Do these numbers work for a rental or flip?

4 Replies

Do these numbers work as a SFH rental at $950 per month or should I flip? I've talked about a rental for some time, but I need to make sure the figures are correct. Any insight would be awesome.

Monthly             Total (Description) 

$253              $50,000 Purchase

$377              Insurance and taxes

$ 80 $10,000 Repairs & Closing (Interest for using HELOC for down payment and repairs)

$ ?                $ ? Maint. & Vacancy  - What is a good number here?

$710             Monthly Expense

If I flipped the property I would need to dump in $27,000 for holding, repairs, and closing.  The profit would be about $13,000.

What is the better of the options?

Well... You also have missed holding anything back for CapEx and property management. I think most people generally use 5% as a guide for maintenance, vacancy, and CapEx each and then another 8-10% for property management. These additional expenses are going to pretty much wipe out any monthly cashflow that you might have achieved.

Monthly expenses     $710

Maintenance                $48

Vacancy                       $48

CapEx $48

Prop Management       $76

New Monthly Exp      $930

So personally, I would think that this doesn't make a good rental option with the other numbers that you have provided.  Now, the rub here is how much of that $10k is closing costs and how much is rehab?  The reason I say this is that you might be able to reduce the closing costs with a creative financing option like "Sub To" or owner finance if this is possible.  The other thing is concerning how much rehab you are doing and is this absolutely necessary to command the $950 rent or does this maybe put you at a level above the other rents in the area?

Unfortunately, even if you can eliminate the closing costs and rehab budget, AND you self manage and choose not to factor this in (not recommended), this is about the only way I see you getting this to a decent cashflow of close to $200/mo.  Of course the likelihood of being able to completely eliminate the rehab and closing costs is probably close to zero, and that puts your cashflow with self management and not factoring that cost in (again, not recommended) only about $100/mo so this really doesn't strike me as a good rental property option.

I would take the $13k and call it a day.  The only other possible option on this for me would be to owner finance it out to a buyer if you can make those numbers work, but that might be just as tight or worse than the rental option.

First, as a buy and hold: Purchase price of $50,000 + $10,000 repairs and closing or $60,000 to make rent ready. Monthly rent of $950 less $377 tax and Ins less $125(my estimate of maintenance and capital reserve) less $135(my estimate of management cost) less $48(5% vacancy) = 265 in monthly ROI. $265X12 = $3,180. Divide that by $60,000 gives you a cap rate of 5.3%. I don't know your cost of money but I like my cap rate to be 3 percentage points above my cost of money. That means that unless my cost of money is less than 2.3% I would not buy as a buy and hold.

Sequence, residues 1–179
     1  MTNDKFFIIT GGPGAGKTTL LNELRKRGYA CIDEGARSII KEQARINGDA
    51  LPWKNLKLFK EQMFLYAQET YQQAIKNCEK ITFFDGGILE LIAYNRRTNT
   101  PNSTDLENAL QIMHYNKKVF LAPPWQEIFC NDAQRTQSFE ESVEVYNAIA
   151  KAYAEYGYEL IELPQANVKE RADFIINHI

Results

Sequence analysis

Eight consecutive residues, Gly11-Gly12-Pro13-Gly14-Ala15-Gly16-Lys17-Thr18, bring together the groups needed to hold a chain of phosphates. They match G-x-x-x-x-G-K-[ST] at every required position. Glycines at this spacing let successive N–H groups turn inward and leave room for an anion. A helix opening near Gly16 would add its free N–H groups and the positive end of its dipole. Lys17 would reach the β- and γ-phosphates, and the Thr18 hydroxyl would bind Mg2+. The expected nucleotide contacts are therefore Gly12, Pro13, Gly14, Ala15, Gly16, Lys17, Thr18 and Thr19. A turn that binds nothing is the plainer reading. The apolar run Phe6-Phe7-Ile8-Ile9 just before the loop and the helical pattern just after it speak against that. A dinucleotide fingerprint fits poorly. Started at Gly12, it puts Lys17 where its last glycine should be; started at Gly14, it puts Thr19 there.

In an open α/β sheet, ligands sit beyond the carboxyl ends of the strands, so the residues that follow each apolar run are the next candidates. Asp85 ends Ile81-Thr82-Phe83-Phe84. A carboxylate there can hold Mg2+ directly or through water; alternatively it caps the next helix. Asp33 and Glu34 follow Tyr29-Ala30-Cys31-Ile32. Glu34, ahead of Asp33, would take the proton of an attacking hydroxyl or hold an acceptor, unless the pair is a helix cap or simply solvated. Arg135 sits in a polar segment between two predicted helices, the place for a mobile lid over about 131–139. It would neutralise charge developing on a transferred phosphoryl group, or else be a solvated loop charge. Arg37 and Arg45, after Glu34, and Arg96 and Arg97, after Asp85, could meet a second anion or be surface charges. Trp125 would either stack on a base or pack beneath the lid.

It sounds like as a flip your cost would be $50,000 + 27,000 or $77,000.  Adding $13,000 for profit gives you a selling price of $90,000.  I don't know if this includes all costs of selling including commissions.  I budget 20% for profit so I would demand .2X$77,000 or $14,400 in profit.  This property would not qualify for me as a buy and hold or as a flip.

Good Luck.


I'm leaning more toward the buy and hold or wholesaling/assigning it. Depending on where you are financially and what your goals are.  Like @Bill Jacobsen  mentions, are sales commissions included in your $13k number?  If they are, does $13k change your life more than a long-term break even rental with some tax advantages?  Do you want to be a landlord?  Is this a bread and butter 3/2 in a blue-collar neighborhood?  Will the property after fix-ups still be a bear to maintain and keep up?  Is it in your back yard, easy to get to?  I would rather break even on a rental that fits for amenities and location than do the work of a fix and flop and be left with nothing (but lessons!).  Sometimes property types and location determine exit strategy more than others and of course view all deals as to how they fit into your overall financial plan.  Please keep us posted on what you decide to do!

This property is less than a mile away and has four bedrooms and 1.5 baths.  It could be a nice place if I spent the capital to fix it up.  However, I don't want to fix it up to the extent of being a flip, because the rent won't justify the costs.

The flip analysis includes six months of holding costs, 6% commission, and 3% closing fees and selling at $100,000.  If it sold less than six months, I make more profit.  I also have a cushion of $3,000 of extras that could pop up.

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